Software Pioneer Looks Back--and Ahead

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Back in the early 1980s, he invented affordable software with products such as Turbo Pascal and Sidekick. For a decade, he went head-to-head with technology titans like Microsoft and Lotus. More recently, he founded a company to send photos wirelessly--before any consumer owned a cell phone that could take pictures.

He's Philippe Kahn, and at a Computer History Museum event last week, he talked about his career in technology from the early days of his software company, Borland, to his current company, LightSurf. The firm powers many wireless phones that can zap snapshots over the Internet.

Paris to Palo Alto

Kahn got into the PC business before a PC business really existed. In the mid-1970s, he was a programmer for the Micral, a French system that some historians call the first microcomputer. But in 1982, he relocated to the burgeoning northern California technology center known as Silicon Valley. "People say I came to America," he says. "I came to Silicon Valley. It happened to be in America."

"My first job was on Page Mill Road in Palo Alto at HP labs," Kahn said, calling it the era's "epicenter of innovation." Hewlett-Packard needed a programmer with experience in queuing; Kahn assured them he was an expert on the topic, then went home and crammed on the topic. "There were no espressos in Silicon Valley, so I drank coffee all night."

But the HP job ended after three days, when the company discovered he was in the U.S. on a tourist visa. HP said it could work with him if he became a consultant: "I thought, a consultant is someone looking for work--and I said sure, that's what I am."

So Kahn formed a consultancy called Market In Time, with the fortuitous initials MIT. And soon, he says, "I became relatively successful."

The Birth of Borland

Oddly enough, Kahn's Computer History Museum talk went for more than half an hour without more than oblique mention of his most famous company, Borland International, from which he resigned in 1995. In 1991, the company had entered into a costly and controversial merger with Ashton-Tate, the company behind the once-dominant DBase database; neither DBase nor Borland thrived in the post-merger era.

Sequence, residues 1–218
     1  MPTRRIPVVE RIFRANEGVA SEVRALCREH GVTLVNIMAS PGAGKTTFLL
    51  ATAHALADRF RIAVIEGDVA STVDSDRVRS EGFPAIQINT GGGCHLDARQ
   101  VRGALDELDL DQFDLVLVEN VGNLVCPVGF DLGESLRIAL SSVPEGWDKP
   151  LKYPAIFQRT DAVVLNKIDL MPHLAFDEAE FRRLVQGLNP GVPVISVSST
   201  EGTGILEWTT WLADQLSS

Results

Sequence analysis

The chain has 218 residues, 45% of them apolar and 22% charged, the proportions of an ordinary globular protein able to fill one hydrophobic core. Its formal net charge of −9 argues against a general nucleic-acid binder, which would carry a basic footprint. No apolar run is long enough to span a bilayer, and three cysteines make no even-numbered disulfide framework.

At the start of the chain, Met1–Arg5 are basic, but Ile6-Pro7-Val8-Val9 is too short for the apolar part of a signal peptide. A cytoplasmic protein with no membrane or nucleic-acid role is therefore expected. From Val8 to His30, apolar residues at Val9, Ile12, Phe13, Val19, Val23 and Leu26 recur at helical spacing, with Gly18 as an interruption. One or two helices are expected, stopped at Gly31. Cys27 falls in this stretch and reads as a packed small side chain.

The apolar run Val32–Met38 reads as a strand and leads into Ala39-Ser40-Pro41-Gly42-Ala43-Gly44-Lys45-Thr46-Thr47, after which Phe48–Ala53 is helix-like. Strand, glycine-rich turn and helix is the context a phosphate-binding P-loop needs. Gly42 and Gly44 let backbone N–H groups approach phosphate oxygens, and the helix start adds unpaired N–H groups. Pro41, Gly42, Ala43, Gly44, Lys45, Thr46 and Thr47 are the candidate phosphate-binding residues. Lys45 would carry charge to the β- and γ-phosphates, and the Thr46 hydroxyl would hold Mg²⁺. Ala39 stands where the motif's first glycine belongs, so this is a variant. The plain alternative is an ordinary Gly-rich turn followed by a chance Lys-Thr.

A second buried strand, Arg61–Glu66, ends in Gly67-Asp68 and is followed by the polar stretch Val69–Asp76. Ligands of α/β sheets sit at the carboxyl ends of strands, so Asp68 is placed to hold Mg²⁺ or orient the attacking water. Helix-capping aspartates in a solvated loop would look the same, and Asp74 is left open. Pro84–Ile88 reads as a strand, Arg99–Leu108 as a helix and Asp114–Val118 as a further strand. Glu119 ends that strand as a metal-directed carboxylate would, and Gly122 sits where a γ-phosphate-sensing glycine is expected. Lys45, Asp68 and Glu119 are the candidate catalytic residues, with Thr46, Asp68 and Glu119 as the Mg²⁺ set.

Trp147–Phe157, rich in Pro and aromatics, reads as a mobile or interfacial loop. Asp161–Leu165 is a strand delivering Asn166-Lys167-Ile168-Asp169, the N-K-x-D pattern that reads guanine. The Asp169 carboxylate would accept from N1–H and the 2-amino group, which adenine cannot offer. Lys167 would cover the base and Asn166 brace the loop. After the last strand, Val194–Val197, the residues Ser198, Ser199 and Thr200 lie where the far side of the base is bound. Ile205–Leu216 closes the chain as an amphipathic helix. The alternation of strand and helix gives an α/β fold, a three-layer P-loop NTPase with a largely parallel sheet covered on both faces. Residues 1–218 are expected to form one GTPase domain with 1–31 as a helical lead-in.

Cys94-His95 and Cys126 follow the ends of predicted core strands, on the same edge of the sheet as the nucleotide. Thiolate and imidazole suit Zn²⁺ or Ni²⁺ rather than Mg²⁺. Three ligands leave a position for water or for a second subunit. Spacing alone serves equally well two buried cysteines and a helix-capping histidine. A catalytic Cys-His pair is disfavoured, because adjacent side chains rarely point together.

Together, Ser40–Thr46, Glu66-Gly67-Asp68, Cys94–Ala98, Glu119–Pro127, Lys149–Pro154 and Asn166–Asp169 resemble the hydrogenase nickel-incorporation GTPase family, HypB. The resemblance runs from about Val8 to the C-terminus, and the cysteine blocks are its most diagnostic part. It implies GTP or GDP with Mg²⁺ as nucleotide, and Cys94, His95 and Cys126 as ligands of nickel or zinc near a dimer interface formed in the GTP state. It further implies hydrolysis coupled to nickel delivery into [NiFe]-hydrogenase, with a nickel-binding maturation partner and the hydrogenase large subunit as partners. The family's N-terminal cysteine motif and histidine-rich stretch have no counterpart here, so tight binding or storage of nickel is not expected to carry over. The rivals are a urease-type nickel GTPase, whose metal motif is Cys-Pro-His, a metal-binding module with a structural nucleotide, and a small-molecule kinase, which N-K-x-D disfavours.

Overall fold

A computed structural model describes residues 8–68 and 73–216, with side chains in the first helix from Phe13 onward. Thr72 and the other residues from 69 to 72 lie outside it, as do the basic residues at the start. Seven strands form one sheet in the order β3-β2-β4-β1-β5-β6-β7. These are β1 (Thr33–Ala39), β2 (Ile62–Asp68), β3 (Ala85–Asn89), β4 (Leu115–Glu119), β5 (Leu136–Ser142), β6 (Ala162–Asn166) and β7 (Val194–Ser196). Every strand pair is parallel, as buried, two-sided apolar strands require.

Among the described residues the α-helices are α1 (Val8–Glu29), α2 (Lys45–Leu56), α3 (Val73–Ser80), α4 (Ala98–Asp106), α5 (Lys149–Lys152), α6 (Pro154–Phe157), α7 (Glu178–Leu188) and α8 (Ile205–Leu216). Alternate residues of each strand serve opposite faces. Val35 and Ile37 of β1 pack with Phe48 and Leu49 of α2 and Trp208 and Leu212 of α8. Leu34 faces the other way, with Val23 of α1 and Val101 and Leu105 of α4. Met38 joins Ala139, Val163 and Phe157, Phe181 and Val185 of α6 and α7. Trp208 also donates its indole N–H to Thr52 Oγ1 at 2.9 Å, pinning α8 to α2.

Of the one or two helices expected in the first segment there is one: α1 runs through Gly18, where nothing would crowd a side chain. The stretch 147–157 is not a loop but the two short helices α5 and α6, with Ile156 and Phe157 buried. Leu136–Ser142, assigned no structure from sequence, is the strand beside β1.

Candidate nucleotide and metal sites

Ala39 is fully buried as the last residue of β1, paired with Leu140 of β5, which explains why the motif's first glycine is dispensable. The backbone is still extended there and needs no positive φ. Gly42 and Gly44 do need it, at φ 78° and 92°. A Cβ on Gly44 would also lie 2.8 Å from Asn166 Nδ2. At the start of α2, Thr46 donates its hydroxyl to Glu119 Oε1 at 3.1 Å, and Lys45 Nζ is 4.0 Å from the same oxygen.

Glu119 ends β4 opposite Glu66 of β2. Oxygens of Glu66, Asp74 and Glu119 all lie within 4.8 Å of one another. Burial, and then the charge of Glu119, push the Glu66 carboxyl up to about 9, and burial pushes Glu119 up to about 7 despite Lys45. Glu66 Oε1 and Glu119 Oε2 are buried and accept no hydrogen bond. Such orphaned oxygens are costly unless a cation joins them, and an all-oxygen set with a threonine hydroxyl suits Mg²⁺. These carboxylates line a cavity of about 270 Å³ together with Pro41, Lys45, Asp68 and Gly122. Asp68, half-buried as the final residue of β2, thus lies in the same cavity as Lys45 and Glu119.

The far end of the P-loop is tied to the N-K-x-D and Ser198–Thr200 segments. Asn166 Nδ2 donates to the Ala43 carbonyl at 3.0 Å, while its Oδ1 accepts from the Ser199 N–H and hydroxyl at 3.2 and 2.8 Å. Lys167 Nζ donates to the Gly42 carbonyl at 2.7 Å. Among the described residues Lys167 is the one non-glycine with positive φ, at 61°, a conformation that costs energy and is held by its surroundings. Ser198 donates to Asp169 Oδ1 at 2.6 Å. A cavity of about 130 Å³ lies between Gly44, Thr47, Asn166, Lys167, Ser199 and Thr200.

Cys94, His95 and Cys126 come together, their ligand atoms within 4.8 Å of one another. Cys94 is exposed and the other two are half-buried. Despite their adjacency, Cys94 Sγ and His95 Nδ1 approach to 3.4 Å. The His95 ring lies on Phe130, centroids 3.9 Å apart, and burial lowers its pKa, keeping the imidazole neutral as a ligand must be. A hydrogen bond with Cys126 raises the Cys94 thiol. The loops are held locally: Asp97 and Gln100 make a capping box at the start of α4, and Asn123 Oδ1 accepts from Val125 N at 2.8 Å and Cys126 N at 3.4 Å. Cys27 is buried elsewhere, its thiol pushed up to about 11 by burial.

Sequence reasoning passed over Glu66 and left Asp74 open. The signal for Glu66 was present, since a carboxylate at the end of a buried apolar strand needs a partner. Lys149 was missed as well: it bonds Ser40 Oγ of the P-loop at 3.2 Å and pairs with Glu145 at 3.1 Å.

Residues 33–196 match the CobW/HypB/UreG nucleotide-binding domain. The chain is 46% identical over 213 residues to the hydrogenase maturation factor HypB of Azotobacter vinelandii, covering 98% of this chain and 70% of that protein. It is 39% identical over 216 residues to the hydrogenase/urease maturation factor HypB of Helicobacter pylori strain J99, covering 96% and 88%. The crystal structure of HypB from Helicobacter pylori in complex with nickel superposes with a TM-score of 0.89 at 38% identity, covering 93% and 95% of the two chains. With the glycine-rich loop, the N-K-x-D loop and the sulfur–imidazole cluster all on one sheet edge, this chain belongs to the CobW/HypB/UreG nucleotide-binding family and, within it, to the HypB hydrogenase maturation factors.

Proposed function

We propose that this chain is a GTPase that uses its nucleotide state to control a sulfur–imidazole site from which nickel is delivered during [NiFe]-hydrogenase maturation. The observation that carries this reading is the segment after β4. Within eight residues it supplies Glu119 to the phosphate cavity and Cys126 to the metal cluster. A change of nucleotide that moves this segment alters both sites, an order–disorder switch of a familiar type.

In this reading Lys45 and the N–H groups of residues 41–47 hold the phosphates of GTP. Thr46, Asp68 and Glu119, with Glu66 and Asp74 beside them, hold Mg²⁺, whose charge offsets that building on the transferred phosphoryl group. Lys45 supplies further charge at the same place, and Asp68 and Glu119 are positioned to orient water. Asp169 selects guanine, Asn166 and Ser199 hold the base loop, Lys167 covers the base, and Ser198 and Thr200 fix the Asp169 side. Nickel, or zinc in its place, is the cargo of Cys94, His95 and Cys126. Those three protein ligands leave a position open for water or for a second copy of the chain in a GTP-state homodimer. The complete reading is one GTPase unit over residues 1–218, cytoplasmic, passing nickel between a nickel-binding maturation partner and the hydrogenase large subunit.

When Kahn opened the floor to questions, though, many involved his Borland days. He cheerfully barked "Next question!" in response to the first two. But gradually, he opened up.

When an audience member asked how Borland got its name, he explained that at Market in Time, he had provided tech-support services for an Irish software company called Borland. That company went bankrupt at the same time that a better-known MIT--namely, the Massachusetts Institute of Technology--sent Market In Time an angry letter about Kahn's use of the MIT acronym.

"I've been known to pick intellectual property fights in my time--all the way to the Supreme Court," said Kahn, referring to a long-running lawsuit between Lotus and Borland over the 1-2-3-like user interface of Borland's Quattro Pro spreadsheet. (The Supreme Court found in Borland's favor in 1995.) But Kahn responded to MIT's complaint by striking a deal with Borland: He'd forgive its debts in return for control over its name, stationery, and other assets. "And that's how we named the company Borland," he said.

From Scrappy to Success

Kahn's Borland was, initially, a small and scrappy underdog. When Kahn traveled to Las Vegas to promote his Turbo Pascal programming language in 1983, he couldn't afford to exhibit at the show: Comdex founder Sheldon Adelson, Kahn says, sneeringly suggested that he hold a press conference at McDonald's.